Russia forced Swiss Christmas Lights of Hope for Ukraine to cancel
Swiss LIGHT ART INNOVATOR Gerry Hofstetter has illuminated icebergs, the Colosseum, Great Pyramids, Washington Cathedral, and now Kyiv.
Swiss light artist Gerry Hofstetter was planning to light up various buildings and monuments for the residents of Kyiv during Christmas Season in Ukraine. The images projected were planned to be broadcasted live to reach both soldiers in the trenches, as well as civilians in their homes and shelters.
It was more than relating a sense of hope, it was meant to bring joy and lighten up the faces of many incredulous Ukrainians
Gerry Hofstetter does not believe in long speeches but in action. His idea of this unique solidarity action was aimed to bring hope and light to Ukrainian men and women in these dark and cold days of the war in Ukraine.
So he went to Ukraine on a journey from Zurich to Kyiv that took more than 46 hours including six hours to get across the border.
With a small team of four people, Hofstetter brought his own electric generators all the way from Switzerland to set up this very special Christmas Light Art Tour in Kyiv.
On December 23 the show began:
Projections began with Ukrainian state symbols and colorful Christmas images, sunflowers, and many other bright and cheerful images.
Hofstetter illuminated a number of historical buildings in Kyiv, including St. Andrew’s Church, the National Museum of the History of Ukraine, the bell towers of the St. Michael’s Golden-domed Monastery and St. Sophia Cathedral, and the building of the Diplomatic Academy of Ukraine – with Christmas-themed abstractions, Ukrainian national images, and state symbols.
Hofstetter remembered also the deceased by projecting their portraits onto the National Historical Museum and showing doves of peace.
The buildings were selected in cooperation with the Ministry of Culture and Information, the State Agency of Ukraine for Arts and Art Education, and the capital city of Kyiv.
The illumination was planned to place from December 23 to 25 between 16:00h to 22:00h
On Saturday 24 December air strikes alarms went off minutes before the start. Hofstetter and his team rushed to the Swiss Embassy for shelter.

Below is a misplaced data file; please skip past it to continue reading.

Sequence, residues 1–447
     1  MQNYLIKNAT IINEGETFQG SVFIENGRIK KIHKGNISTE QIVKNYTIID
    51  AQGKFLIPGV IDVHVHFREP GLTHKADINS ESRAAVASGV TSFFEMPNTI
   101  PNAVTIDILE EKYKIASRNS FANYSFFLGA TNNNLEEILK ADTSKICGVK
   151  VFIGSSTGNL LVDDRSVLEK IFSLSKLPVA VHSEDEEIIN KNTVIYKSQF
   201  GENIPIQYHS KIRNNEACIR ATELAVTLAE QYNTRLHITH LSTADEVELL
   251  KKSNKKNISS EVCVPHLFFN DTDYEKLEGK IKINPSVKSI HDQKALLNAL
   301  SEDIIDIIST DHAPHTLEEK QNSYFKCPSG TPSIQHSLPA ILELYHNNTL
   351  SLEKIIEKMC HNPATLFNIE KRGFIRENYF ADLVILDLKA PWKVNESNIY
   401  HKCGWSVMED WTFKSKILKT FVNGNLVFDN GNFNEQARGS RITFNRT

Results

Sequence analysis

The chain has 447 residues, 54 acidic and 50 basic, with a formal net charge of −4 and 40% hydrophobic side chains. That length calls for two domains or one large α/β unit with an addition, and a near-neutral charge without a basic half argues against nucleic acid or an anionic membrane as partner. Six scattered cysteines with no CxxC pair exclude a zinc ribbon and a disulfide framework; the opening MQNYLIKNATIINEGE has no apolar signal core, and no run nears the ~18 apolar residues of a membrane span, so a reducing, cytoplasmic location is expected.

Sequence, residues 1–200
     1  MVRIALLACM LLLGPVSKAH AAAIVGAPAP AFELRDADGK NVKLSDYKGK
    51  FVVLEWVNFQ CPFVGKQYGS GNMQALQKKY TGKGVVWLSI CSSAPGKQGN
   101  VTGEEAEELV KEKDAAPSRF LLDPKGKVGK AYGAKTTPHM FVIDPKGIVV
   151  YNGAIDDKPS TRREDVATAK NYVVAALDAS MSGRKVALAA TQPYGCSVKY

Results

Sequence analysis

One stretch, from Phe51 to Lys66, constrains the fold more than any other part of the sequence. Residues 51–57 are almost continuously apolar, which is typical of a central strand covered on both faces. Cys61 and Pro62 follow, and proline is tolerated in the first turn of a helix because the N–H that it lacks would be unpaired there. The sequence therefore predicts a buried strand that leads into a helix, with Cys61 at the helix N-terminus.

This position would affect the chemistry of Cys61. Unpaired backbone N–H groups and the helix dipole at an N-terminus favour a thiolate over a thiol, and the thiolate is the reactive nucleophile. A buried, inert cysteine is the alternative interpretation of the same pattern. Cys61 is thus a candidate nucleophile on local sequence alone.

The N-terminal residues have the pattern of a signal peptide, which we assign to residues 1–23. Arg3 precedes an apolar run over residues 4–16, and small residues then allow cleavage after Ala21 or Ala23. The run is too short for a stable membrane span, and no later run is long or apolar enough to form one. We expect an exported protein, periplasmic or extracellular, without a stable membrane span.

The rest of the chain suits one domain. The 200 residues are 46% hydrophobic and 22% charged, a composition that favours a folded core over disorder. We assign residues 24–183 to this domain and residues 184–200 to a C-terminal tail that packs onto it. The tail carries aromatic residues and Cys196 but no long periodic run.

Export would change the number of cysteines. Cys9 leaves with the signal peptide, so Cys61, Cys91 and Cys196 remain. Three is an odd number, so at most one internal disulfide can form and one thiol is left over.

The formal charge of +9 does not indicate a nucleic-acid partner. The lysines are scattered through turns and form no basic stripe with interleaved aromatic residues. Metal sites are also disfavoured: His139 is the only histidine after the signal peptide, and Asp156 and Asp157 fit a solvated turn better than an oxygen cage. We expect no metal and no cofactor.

Only a few minutes later they heard shelling. “It was frightening”, says Hofstetter.
The endurance of the Ukrainian people is incredible: No power, no water, no heating, and temperature below freezing.
eTN Author Elizabeth Lang, Munich
The art tour by Swiss lighting artist Gerry Hofstetter, which started in Kyiv on Friday, December 23, had to be suspended due to the Russian attack on Kherson, Minister of Culture and Information Policy of Ukraine Oleksandr Tkachenko says.
“Today we are canceling the light route of Gerry Hofstetter. In memory of the tragic events and all the dead, let the light burn in everyone’s heart today,” Tkachenko wrote on Telegram on Saturday.
The Russian invaders fired at the center of Kherson with multiple launch rocket systems on Saturday morning. According to various sources, at least seven civilians in the city were killed, and there are reports of 58 wounded, including 18 in serious condition.
Before the show was canceled Saturday, President Zelenskiy said Ukrainians will create their own miracle this Christmas by showing they remain unbowed despite Russian attacks that have plunged millions into darkness.
The president made his remarks in a video address to Ukrainians who celebrate Christmas in December. Most Ukrainians are Orthodox Christians and celebrate Christmas on January 6.
In Rome Pope Francis’ 10th Christmas Day address since he assumed the papacy, mentioned the war for 10-minute. ,
He mentioned “a grave famine of peace also in other regions and other theatres of this Third World War” while speaking from a balcony at the basilica overlooking St Peter’s Square.
Whereas in London King Charles III in his first Christmas address as King said:
“Christmas is a particularly poignant time for all of us who have lost loved ones. We feel their absence at every familiar turn of the season and remember them in each cherished tradition.”